SME sector continues to show increased confidence in economy
Things are looking up for the SME sector in general, according to ISME's latest research - yet retailers' business confidence has continued to decrease
14 October 2013
The Irish Small & Medium Enterprises Association has announced that SMEs in general expect further improvements in trading conditions over the coming year. The positive trends in 11 of 12 key business indicators show a continued and gradual improvement in the national economy. The only indicator showing a decrease was current exports, which has shown a zig-zag profile recently, which dropped by seven points, however this is counterbalanced by a 63% expectation of higher exports in the next 12 months.
The findings were announced at the launch of the Quarterly SME Business Trends Survey for Q3 – 2013, held in Dublin on 11 October. It was also revealed that employment figures for SMEs, both current and future are in the positive zone and record the best indicators since winter 2007. Net employment growth reflects the live register figures, while a net 15% of employers expect to employ more in the next year. The two main areas of expected jobs growth are in exporting firms and services with a net 32% and 16% predicting more employment. Even in retail, which is still struggling, a net 5% of employers expect to take on more staff in the coming year.
Budget must focus on cost curtailment
ISME CEO Mark Fielding said: "It is imperative that the budget, next Tuesday, does nothing to stifle the positive sentiment and trends in the indigenous SME sector. While the majority of SMEs continue to battle out of recession, the mindset is positive and cautiously expansionary. The main focus must remain on cost curtailment and any government budgetary intervention must not interfere with the gradual turnaround."
The survey was conducted in the first week of October, with over 1100 SME respondents. Half of the respondents employ less than 10, while a further 40% employ between 11 and 50 and one in ten employ between 51 and 250.
Both business confidence and expectations experienced large increases in this quarter. Business confidence has increased by 18 points to 28% and business expectations have increased by 12 points to 32%. This is the fourth consecutive quarter of growth for these indicators which had previously followed a zig-zag pattern.
Retail sector still struggling
The only sector whose business confidence decreased in Q3 of 2013 was retail, which saw a drop of 5 points from -4% to -9%. It is also the only sector to report a negative confidence rating. However, expectations in the sector have increased from -4% to 5%. ISME has long called for the establishment of a Retail Strategy Group.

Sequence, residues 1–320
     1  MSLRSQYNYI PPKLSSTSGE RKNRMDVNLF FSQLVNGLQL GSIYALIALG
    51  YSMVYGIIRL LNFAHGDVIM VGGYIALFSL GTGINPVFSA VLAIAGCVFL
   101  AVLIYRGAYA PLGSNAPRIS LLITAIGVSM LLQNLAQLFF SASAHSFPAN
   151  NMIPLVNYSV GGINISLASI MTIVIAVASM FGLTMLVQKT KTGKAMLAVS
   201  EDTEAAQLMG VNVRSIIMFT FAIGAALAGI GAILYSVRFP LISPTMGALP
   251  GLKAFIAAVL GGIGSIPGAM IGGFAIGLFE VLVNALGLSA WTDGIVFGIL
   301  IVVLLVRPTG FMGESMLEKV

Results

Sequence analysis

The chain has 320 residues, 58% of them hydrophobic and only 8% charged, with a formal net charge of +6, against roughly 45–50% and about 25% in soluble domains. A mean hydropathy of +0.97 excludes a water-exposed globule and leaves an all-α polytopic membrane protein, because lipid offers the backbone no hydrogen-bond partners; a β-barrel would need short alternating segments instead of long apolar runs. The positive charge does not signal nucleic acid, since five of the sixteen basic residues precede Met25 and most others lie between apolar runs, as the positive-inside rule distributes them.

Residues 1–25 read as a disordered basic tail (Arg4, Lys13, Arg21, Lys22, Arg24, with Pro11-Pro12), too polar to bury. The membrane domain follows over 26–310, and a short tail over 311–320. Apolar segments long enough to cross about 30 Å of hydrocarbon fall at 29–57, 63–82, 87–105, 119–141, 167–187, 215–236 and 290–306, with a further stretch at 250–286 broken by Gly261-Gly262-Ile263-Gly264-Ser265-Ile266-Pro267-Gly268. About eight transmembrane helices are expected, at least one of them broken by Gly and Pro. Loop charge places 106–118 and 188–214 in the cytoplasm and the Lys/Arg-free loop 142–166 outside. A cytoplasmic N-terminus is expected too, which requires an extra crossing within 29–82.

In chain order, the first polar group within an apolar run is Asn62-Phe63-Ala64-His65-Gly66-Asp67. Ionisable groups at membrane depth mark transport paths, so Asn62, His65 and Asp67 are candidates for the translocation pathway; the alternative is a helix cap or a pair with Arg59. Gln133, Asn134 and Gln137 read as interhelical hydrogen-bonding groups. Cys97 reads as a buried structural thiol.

Profitability expectations were positive for the first time since the beginning of the recession at 14%. This indicator had previously been negative or neutral since Q3 of 2008. The overall business environment perception, though still negative, improved by 17 points to -12%. However retailers reported a worrying -32% rating for profitability expectations, a drop of 13 points since the last quarter. Their perception of the business environment has improved slightly but continues to be a negative at -36%.
The sales situation for retailers also remains bleak at minus 23%. The sales expectations of retailers for the next 12 months have dropped from -15% to -23%.
On a more positive note though, SMEs are showing more of an appetite for investment than they had in the previous quarter, with both current and future investment figures showing an increase to 26% and 23%. These indicators are showing a very positive trend and represent the optimistic feeling within the SME sector. Even retailers are posting an increase in investment in their businesses.
Measures to assist recovery
The main issue for all sectors is the availability of bank finance to fund the investment proposals and this situation will continue to hold back the nascent revival of the economy unless the government maintains a strong push on the rescued banks.
The association has called on the government to assist the recovery by:
• Reducing government influenced business costs to below the EU average.
• Tackling the banking crisis to ensure real and measurable access to credit for viable SMEs.
• Outsourcing more state sector services to SMEs
• Reforming the social welfare system to make it more profitable to work
• Expanding the export capacity of the SME sector through soft supports
• Supporting micro business through the County and City Enterprise boards, without interference from
• Attacking the scourge of ever-increasing black economy activity.
In conclusion, Fielding reiterated the call for restraint both by government in the Budget and by employees in
their wage expectations. "It is of the utmost importance that the fragile revival in the economy is nurtured and
that there is a continued acceptance that there is still a long way to go. The softening of austerity must not be a
signal to the trade union movement to slap in wage claims. The economic realities of Ireland post-troika must
be understood and government, employers and employees must be prudent, productive and continue to work
on the economic revival," he said.